Paul Wright (violin) Sacha McCulloch (cello) Faith Maydwell (piano)

Christ Church Grammar School Chapel

reviewed by Neville Cohn


Despite its wealth of melody and episodes of stunning, high drama, Tchaikowsky’s Piano Trio in A minor is only very seldom heard in live performance. More’s the pity. I dare say the formidable demands the work makes on the players are a factor militating against frequent airings.


Then there’s the material making up the work which can cause musical indigestion. It’s an over-abundance which calls to mind those giant hamburgers that are periodically advertised by fast food stores where a single serving contains enough meat, cheese and bacon to make two or even three ‘normal’ hamburgers. So, with one important reservation, is Tchaikowsky’s Trio. Unlike the burgers, however, Tchaikowsky’s Trio is far from injurious to health.


It’s a work brimming, indeed overflowing, with frankly magnificent concepts. But, like that giant hamburger, there’s simply too much of it to be taken in on a single occasion, not least because it brings a very real risk of musical indigestion.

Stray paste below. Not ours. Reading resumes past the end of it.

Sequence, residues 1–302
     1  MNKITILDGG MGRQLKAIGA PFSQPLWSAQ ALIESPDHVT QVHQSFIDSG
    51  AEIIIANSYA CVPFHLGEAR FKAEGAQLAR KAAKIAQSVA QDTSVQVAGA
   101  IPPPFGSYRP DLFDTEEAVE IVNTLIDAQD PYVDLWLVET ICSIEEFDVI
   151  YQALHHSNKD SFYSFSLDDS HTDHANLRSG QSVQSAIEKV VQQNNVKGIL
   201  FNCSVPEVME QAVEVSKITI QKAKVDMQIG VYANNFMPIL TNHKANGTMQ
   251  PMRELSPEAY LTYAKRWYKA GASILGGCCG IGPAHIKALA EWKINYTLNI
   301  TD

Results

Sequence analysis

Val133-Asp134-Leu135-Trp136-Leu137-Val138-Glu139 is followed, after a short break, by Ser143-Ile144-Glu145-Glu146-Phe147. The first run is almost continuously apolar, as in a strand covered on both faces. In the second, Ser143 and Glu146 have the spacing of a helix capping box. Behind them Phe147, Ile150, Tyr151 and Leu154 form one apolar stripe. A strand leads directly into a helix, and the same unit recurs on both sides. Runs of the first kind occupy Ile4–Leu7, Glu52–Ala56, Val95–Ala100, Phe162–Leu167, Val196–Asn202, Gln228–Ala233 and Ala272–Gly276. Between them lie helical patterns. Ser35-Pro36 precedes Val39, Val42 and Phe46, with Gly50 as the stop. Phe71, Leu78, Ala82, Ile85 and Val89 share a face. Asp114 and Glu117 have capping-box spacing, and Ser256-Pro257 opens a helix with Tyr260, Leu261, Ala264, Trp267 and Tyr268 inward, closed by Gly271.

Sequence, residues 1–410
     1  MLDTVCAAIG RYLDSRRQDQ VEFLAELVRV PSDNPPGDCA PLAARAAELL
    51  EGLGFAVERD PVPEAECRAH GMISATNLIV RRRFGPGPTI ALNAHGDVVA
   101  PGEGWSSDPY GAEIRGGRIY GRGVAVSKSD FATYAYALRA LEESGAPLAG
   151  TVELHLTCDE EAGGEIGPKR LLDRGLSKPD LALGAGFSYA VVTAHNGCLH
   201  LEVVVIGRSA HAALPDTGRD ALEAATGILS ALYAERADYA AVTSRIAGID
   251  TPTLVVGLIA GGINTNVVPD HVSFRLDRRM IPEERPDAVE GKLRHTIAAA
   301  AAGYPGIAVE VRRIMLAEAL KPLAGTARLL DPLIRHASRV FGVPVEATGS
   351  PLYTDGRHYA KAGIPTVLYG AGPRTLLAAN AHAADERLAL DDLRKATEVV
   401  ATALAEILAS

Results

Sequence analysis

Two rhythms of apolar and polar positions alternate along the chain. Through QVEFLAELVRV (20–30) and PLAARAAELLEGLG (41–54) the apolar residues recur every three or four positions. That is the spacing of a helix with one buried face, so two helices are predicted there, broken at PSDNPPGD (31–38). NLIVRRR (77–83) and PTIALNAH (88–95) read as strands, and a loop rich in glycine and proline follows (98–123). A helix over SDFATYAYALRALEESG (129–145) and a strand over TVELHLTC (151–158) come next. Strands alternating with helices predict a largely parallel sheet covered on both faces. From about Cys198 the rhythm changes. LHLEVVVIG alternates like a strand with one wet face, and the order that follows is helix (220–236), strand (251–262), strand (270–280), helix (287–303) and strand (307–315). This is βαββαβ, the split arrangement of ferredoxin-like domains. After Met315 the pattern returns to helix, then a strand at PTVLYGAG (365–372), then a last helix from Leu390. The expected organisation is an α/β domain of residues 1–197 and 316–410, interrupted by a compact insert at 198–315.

This notwithstanding, the Magellan players did the work proud. Their level of ensemble is most impressive as is their staying power. Indeed, nearing the close of this marathon work, the players sounded as eloquent and stylistically assured as in the work’s opening moments. Passionate intensity and magnificent tone colourings – whether in episodes of dramatic boldness or moments of gentle, introspective reflection – were pointers to highest musicianship, the players invariably loyal to the composer’s seemingly limitless inventiveness.


Earlier, we listened to the first public performance of Duncan Gardiner’s A Thousand Cranes Beat Their Wings. It has a delightful, orient-tinged immediacy, written with a very real understanding of instrumental potential, as in a beautifully soulful cello utterance early on.  Whether couched in gently melancholic terms or moments of intensity, it’s clear that Gardiner has something worthwhile to say in instrumental terms. A Thousand Cranes deserves to be taken up by other musicians. I’d like to listen to it again – and again.


I am quite sure I am not alone in looking forward to this splendid ensemble’s next program.


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